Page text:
My Dear Melancholy (EP), by The Weeknd
Is it an advantage or a disadvantage to know something about the personal life of the people involved with making music? As someone who is moderately fond of the artist, especially his more recent work, I happen to know that this EP, a stopgap of sorts between two immensely popular eras, was written in the aftermath of a break-up between the artist and Selena Gomez, a pop star in her own right and one who often finds herself to be the subject of the music of other people, especially her exes. To what extent does that color one’s interpretation of the material? By and large I would prefer to take the songs as is and then project whatever meaning I have, but knowing something of the personal life and details involved does color what I find to be in these songs, for better or worse, and it is worthwhile to acknowledge such a thing as a reviewer.
The album begins with the popular and moody “Call Out My Name,” where the artist opines about desiring for his estranged partner to call out his name still for all the time of loyal love that he had showed to her. “Try Me” is an invitation to someone who has been previously unavailable to try him out as a partner, with a bit of a seductive dance-pop production. “Wasted Time” shows the singer discussing the wasted time he spent with someone else while wanting someone else for himself only over a nervous and jittery beat. “I Was Never There,” one of two tracks with Gesaffelstein, continues the general approach of a downbeat and well-produced song about regret over the problems of the past, with the feeling that it doesn’t matter. “Hurt You,” the second co-credited track, has a bit of ambivalence as the artist goes into considerable detail about his longings for her while stating that he doesn’t want to hurt her, apparently unaware of how the two are somewhat contradictory sentiments. “Privilege” is another downbeat song that deals with the breakup and the suffering of his former partner and his own attempts to come to grips with it by sleeping with someone else and getting back into problem drinking and pill use. The EP then ends with an a capella rendition of the only hit of the collection, providing a melancholy and appropriately bookended collection of sad songs.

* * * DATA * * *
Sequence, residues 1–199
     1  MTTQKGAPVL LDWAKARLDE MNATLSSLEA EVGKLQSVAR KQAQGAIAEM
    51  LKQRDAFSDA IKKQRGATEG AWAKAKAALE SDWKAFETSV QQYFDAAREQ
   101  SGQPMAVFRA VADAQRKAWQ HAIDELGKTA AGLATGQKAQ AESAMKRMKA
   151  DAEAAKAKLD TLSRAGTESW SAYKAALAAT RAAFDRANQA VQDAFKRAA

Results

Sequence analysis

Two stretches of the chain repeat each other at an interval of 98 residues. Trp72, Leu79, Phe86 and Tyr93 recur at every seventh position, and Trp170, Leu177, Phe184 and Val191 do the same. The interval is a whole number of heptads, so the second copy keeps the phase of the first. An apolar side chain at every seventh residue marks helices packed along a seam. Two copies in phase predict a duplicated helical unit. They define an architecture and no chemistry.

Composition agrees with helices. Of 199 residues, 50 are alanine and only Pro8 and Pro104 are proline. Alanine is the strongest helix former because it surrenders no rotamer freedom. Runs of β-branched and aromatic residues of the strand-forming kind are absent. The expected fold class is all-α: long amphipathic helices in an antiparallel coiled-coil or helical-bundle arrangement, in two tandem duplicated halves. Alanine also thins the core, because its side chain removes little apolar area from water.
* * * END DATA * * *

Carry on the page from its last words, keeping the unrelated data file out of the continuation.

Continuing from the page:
It may be becoming a bit of a recent trend in the material I review, but this EP manages to be excellent despite the fact that it does not portray either the singer or his ex in a flattering fashion. Celebrities are not generally admirable people, or people whose views matter or whose lifestyles are worth emulating, and this album is a worthwhile exploration into why this is the case. Abel is a wealthy and talented artist, but this album shows him brokenhearted over the breakup with Selena Gomez, drinking and engaging in sex he knows to be meaningless and taking pills to cope with the loneliness and reflecting upon the gloomy fact that he almost donated a kidney to save the life of someone who couldn’t commit to him, even if he desperately wants to keep having passionate sex with her. This album is honest, but if that honesty is admirable, it is also rather disturbing to think of how it is that celebrities live and the material from which they draw the inspiration for their work.